Open Access

Codonopis bulleynana Forest ex Diels inhibits autophagy and induces apoptosis of colon cancer cells by activating the NF-κB signaling pathway

  • Authors:
    • Yunpeng Luan
    • Yanmei Li
    • Lina Zhu
    • Shuangqing Zheng
    • Dechang Mao
    • Zhuxue Chen
    • Yong Cao
  • View Affiliations

  • Published online on: December 21, 2017     https://doi.org/10.3892/ijmm.2017.3337
  • Pages: 1305-1314
  • Copyright: © Luan et al. This is an open access article distributed under the terms of Creative Commons Attribution License.

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Abstract

Despite its favorable clinical efficacy, oxaliplatin‑based chemotherapy frequently results in treatment withdrawal and induces liver damage in colon cancer. Therefore, it is important to develop novel drugs, which can safely and effectively complement or replace the therapeutic effects of oxaliplatin. Codonopis bulleynana Forest ex Diels (cbFeD) has wide range of pharmacological effects, including anticancer effects. In the present study, the anticancer activity of cbFeD and its potential molecular mechanisms were investigated. In vitro, cell counting kit‑8 assays and flow cytometry were used to assess the anti‑proliferation and apoptosis‑promoting activities of cbFeD. Transmission electron microscopy was used to monitor the autophagic vesicles. Immunofluorescence staining was performed to observe the nuclear translocation of p65 and the fluorescence of microtubule‑associated protein 1 light chain 3 (LC3) B‑II. The protein expression levels of p65, inhibitor of nuclear factor (NF)‑κB (IκB) a, LC3B‑I, LC3B‑II and Beclin‑1 were detected using western blot analysis. In vivo, the antitumor effect of cbFeD was assessed in colon cancer‑bearing nude mice as a model. H&E staining and immunohistochemistry (IHC) were performed, with oxaliplatin set as a positive control. The results showed that cbFeD inhibited cell proliferation and promoted cell apoptosis in a dose‑dependent manner. The effects of a high dose of cbFeD on colon cancer cells were similar to those of oxaliplatin. In HCT116 and SW480 cells, cbFeD inhibited the expression of IκBα, LC3B‑I/II and Beclin‑1, and the results of western blot analysis and immunofluorescence showed that, in the cells treated with cbFeD, p65 gradually entered nuclei in a dose‑dependent manner, and the expression of LC3B‑II was gradually reduced. The results of the acridine orangestaining and electron microscopy demonstrated fewer autophagic vesicles in the high‑dose cbFeD group and the oxaliplatin group. The high dose of cbFeD reversed the effect of pyrrolidine dithiocarbamate, a p65‑inhibitor, on the expression of p65, LC3B‑I, LC3B‑II and Beclin‑1, and on the production of autophagic vacuoles. The high dose of cbFeD and oxaliplatin also suppressed tumorigenicity in vivo. The results of the H&E and IHC staining confirmed the inhibition of autophagy (LC3 and Beclin‑1) and activation of p65 by treatment with the high dose of cbFeD and oxaliplatin. Taken together, cbFeD exhibited an antitumor effect in colon cancer cells by inhibiting autophagy through activation of the NF‑κB pathway. Therefore, cbFeD may be a promising Chinese herbal compound for development for use in cancer therapy.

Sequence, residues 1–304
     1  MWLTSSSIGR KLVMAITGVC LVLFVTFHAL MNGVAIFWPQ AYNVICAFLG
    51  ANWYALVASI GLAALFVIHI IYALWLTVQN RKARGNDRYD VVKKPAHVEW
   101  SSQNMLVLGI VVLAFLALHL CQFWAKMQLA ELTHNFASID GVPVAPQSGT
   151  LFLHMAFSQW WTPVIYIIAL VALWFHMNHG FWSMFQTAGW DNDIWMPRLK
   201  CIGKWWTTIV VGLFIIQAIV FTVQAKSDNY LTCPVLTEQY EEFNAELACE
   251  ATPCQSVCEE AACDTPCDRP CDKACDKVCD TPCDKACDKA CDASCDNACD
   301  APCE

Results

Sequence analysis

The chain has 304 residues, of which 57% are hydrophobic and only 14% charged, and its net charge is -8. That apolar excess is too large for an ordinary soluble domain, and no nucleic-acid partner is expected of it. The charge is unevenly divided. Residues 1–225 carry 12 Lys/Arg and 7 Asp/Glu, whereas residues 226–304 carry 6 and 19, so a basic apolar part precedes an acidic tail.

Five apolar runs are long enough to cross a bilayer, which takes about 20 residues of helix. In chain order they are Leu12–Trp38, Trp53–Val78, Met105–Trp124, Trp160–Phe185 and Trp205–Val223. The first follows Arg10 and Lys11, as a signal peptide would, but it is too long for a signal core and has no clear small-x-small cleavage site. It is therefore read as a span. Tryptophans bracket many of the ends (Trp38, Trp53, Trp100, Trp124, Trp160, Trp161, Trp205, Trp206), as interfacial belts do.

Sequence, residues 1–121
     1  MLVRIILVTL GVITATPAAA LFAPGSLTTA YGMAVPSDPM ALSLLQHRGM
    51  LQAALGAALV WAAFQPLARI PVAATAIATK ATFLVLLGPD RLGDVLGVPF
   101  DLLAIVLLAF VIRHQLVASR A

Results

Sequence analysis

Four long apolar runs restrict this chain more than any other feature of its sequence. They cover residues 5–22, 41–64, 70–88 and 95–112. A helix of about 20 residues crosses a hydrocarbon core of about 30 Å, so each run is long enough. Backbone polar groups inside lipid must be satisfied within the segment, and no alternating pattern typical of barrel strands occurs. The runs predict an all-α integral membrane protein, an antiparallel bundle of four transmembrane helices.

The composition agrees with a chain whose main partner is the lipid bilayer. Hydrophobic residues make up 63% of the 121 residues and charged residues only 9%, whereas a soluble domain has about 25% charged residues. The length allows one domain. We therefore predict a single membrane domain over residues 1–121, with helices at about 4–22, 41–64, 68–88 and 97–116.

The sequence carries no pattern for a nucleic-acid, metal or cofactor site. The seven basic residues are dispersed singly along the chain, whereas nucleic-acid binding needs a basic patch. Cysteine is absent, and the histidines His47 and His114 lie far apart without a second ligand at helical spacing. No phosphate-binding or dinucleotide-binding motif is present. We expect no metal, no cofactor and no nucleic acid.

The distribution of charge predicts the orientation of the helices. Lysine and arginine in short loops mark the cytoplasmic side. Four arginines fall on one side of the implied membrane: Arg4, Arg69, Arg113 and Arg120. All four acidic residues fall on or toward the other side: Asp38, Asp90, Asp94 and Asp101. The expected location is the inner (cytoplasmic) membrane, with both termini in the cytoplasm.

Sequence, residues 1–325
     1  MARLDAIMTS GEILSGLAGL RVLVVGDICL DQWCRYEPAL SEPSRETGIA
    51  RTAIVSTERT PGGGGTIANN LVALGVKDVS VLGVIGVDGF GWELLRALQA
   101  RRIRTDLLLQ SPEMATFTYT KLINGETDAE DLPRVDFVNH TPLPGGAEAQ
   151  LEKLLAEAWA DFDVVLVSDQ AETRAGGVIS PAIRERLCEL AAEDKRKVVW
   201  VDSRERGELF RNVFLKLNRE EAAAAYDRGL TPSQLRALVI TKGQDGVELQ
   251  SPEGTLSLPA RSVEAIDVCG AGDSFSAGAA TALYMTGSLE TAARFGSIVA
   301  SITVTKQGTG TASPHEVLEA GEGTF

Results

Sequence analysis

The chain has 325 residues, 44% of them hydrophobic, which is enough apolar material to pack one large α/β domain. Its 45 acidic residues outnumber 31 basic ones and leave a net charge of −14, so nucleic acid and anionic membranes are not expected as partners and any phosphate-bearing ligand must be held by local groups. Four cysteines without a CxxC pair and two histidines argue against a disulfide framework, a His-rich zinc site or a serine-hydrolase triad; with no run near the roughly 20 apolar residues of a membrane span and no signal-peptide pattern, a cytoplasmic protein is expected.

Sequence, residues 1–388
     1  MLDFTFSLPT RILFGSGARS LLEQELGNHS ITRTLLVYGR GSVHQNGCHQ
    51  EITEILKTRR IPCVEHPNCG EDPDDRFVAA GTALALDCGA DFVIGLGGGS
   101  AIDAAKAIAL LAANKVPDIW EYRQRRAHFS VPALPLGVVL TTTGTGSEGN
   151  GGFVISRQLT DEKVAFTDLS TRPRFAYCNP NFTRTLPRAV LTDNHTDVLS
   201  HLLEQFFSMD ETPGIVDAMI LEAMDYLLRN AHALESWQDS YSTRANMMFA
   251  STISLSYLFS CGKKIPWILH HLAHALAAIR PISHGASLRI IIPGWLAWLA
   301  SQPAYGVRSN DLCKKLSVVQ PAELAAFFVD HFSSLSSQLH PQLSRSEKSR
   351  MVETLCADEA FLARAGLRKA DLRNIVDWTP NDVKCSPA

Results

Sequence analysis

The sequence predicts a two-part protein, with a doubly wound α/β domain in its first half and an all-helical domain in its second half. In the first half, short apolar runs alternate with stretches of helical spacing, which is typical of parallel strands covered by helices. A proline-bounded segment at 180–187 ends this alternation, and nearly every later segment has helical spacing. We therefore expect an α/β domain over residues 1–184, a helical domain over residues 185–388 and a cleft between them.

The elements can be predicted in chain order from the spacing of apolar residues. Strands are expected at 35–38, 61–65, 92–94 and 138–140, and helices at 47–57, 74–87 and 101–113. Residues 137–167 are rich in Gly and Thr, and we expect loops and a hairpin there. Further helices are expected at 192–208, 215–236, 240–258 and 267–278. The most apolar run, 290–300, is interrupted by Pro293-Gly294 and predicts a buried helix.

Introduction

Colon cancer ranks as the second most common malignant tumor in Western developed countries, and is a serious threat to human life and health (1). With changes in living habits and diet, the incidence of colon cancer in China has increased substantially, and the incidence rate of colon cancer is double the global average (24). Therefore, the effective prevention and treatment of colon cancer has become a focus of medical investigations (3,5,6). In addition to traditional surgery, radiotherapy and chemotherapy, the combining of traditional Chinese medicine and Western medicine treatment strategies offer potential in the treatment of the colon cancer (7,8). However, the need to identify of efficient, low toxicity drugs remains. At present, natural medicine has become a focus of clinical anticancer drug investigation, due to its multi-target, multi-link and multi-channel antitumor effects.

Codonopis bulleynana Forest ex Diels (cbFeD) grows in the forest margin and bushes 700–200 m above sea level in the Yunnan province in China (9). It has a wide range of pharmacological effects, including its primary anticancer function. Due to the characteristics of the fresh root of cbFeD being unique as a national medicinal herb, few reports exist in international journals, although there have been a wide range of investigations in China. cbFeD can significantly increase hemoglobin in elderly individuals with senile deficiency syndrome safety (10). Studies investigating the pharmacodynamics and acute toxicity of cbFeD have shown that it can enhance gastrointestinal peristalsis, improve tolerance to fatigue and hypoxia, and can promote the recovery of hemoglobin, red blood cells, IgG and the immunosuppressive effect in hemorrhagic blood-deficient mice (11,12). cbFeD can enhance the immune function of mice with xenograft tumors and enhance the phagocytic functions of the reticuloendothelial system (13). It has been suggested that cbFeD has a positive effect on chemotherapy, reducing toxicity and enhancing immune function.